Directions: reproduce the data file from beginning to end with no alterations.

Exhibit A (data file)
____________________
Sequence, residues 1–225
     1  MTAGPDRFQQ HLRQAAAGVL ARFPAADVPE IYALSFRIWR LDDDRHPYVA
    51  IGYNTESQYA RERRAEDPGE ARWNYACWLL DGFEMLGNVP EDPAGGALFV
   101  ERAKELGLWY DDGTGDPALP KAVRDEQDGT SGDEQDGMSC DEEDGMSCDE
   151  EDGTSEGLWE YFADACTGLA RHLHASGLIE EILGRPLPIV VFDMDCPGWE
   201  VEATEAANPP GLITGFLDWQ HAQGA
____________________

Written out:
Sequence, residues 1–225
     1  MTAGPDRFQQ HLRQAAAGVL ARFPAADVPE IYALSFRIWR LDDDRHPYVA
    51  IGYNTESQYA RERRAEDPGE ARWNYACWLL DGFEMLGNVP EDPAGGALFV
   101  ERAKELGLWY DDGTGDPALP KAVRDEQDGT SGDEQDGMSC DEEDGMSCDE
   151  EDGTSEGLWE YFADACTGLA RHLHASGLIE EILGRPLPIV VFDMDCPGWE
   201  VEATEAANPP GLITGFLDWQ HAQGA